As a general rule, the chiropractic consultation is more important than the report of findings. Ask any chiropractor and see if he or she objects. Chances are, you won’t get an argument.
First, consider the report, which in many practices is little more than confirming that the patient has a problem the chiropractor is able to address (the patient already assumed that), or it’s a sales session to get the patient to buy something beyond pain relief. Or both. Either way, when patients hang around long enough for your report, they’re already sold. The relationship is yours to lose.
Most chiropractors seem oblivious to what a huge concession it is for a patient to come to your practice in the first place. Not to mention the imposition of coming three times a week for who knows how long.
We’ve all heard the stories of the crusty old chiropractor who says, “You’ve got a problem here, here, and here, and I can fix it, so let’s get started.” This reputation follows many chiropractors who don’t give a formal report of their findings. If you conduct consultations correctly, your report of findings can be meaningful and might last five to six minutes.
Report for rapport
One of the most powerful ways of establishing rapport with a new patient is to answer a common, unspoken question: “Why did you become a chiropractor?” If you have a story that includes being a chiropractic patient yourself, share it. Admit any concerns, fears, or unfounded beliefs about chiropractic that you may have had back then. Doing so will put patients at ease, while addressing their hidden fears and concerns.
Don’t have an inspiring story? Address their concerns more directly. “Many people have some wrongheaded ideas about chiropractic. So, before we get started, I’d like to put some of them to rest.”
Assuring patients that their particular problem is within the scope of your practice, and so common as to be routine, is a significant message. Give hope without guaranteeing a cure; express your confidence without making a promise, e.g., “We see this sort of thing all the time,” or “Chiropractic can be very helpful in cases like yours.”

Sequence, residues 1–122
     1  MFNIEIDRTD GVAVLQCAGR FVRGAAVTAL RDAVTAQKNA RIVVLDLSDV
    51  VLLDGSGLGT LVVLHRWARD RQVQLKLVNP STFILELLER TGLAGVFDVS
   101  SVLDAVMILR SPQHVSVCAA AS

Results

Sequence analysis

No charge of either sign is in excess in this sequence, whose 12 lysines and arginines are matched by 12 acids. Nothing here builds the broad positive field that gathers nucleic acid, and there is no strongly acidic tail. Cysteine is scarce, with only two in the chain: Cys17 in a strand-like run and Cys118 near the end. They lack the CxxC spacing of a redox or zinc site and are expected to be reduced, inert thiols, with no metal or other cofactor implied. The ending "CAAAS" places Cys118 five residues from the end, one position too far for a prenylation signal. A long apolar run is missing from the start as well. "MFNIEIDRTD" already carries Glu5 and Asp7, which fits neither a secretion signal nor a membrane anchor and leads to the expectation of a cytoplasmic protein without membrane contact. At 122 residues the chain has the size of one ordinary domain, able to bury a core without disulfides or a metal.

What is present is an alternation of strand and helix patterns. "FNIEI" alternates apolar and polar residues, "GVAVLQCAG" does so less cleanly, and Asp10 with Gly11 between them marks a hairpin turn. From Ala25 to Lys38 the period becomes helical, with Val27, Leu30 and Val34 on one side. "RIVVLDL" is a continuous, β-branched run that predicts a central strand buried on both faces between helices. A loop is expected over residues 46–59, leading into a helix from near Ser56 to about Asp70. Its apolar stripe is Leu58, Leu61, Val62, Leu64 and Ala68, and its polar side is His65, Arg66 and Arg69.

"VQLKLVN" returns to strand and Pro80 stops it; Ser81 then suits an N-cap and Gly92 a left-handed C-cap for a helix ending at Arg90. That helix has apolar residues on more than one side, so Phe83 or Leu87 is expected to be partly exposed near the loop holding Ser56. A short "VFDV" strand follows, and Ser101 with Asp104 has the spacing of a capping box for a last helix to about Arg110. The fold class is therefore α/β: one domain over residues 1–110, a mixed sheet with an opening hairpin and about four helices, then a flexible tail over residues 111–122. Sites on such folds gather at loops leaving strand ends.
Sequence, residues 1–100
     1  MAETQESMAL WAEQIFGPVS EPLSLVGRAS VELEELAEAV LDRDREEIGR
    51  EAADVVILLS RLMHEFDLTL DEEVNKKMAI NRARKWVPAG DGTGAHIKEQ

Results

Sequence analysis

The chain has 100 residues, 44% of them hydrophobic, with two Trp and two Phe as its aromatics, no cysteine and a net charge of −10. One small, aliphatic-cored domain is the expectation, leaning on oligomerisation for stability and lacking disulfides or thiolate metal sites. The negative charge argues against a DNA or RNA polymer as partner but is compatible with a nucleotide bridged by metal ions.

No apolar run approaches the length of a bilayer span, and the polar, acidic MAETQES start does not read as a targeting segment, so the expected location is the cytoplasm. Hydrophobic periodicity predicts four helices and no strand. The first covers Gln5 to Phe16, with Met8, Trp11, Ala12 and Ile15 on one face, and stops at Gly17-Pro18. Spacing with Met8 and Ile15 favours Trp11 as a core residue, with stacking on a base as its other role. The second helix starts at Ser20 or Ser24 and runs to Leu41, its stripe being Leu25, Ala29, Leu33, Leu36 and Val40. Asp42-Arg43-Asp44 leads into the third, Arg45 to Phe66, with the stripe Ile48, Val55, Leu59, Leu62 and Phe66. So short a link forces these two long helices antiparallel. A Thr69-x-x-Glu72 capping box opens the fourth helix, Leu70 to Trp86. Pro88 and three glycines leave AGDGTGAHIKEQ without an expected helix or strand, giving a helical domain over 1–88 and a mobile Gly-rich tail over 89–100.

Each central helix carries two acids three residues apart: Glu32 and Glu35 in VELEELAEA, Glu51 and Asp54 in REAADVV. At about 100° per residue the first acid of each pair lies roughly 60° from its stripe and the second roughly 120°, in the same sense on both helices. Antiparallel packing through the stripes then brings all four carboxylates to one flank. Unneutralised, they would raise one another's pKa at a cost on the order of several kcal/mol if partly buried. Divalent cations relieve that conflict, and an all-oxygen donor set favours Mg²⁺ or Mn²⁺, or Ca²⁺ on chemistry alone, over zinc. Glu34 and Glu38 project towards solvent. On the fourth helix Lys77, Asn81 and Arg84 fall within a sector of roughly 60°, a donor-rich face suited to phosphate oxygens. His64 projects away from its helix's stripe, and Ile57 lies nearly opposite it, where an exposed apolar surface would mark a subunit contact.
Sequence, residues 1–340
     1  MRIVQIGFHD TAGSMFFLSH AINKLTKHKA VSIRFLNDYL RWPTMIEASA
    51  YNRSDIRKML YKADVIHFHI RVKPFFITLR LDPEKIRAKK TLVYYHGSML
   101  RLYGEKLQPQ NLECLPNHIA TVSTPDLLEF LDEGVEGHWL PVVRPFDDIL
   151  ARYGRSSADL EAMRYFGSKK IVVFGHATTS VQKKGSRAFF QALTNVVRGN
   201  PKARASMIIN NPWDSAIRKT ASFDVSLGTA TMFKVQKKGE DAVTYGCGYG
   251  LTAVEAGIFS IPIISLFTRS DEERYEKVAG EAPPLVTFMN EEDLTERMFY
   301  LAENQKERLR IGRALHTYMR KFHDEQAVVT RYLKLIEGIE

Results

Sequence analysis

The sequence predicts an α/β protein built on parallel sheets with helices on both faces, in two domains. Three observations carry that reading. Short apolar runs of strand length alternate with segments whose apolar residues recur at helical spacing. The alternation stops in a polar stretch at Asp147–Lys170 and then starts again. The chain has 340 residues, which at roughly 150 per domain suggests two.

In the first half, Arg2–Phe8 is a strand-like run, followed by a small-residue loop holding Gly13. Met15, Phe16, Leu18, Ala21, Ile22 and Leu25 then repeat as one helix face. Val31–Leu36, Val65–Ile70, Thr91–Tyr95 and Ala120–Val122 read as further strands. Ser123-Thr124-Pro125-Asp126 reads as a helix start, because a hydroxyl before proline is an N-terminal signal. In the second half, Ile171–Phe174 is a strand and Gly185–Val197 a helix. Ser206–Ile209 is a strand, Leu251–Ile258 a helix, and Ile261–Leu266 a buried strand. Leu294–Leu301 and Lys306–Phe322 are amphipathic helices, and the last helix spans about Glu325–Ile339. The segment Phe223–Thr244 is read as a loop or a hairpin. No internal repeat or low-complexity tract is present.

Hope is an essential part of the healing process, and it’s something you can invoke even before a complete examination and report.
Planting a flag
The consultation offers the opportunity to contrast patients’ prior medical doctor experience with what they can expect in your practice. For example: “I think it’s only fair that I explain a little about what I believe to be true, and the lens we’ll be looking through as we evaluate your current problem and offer some help and direction for improvement.” Explain your philosophy and your focus on the nervous system.
The point you’re trying to make is that chiropractic differs from allopathic medicine. Your patients want something different. They’ve more than likely already encountered the limitations of mainstream medicine.
Put them at ease
Almost every new patient has heard the myth that once you go to a chiropractor, you have to go for the rest of your life. Put patients at ease by explaining how this myth originated from the distinction between sick care (short-term diet of pain relief) and life care (wellness and health optimization, lifestyle choice).
Explain that, “How long you decide to benefit from chiropractic is always up to you.” Then be congruent with this statement of truth.
Listening to learn
The consultation is also a time when you want the patient to do most of the talking. By demonstrating your ability to really listen – repeating in your own words what you’re hearing, and asking for clarification when patients use unusual or meaningful terms, you communicate respect and understanding.
Make a lasting impression
You’ve heard the old adage that you “only get one opportunity to make a first impression.” And the first impression is usually the longest lasting. This makes your paperwork, consultation, and first-visit procedures vitally important since they can permanently color your patients’ perception of you, your practice, and chiropractic. It may be time to reinvent your consultation.
What would your consultation look like, sound like, and feel like if you were to create it from the ground up today?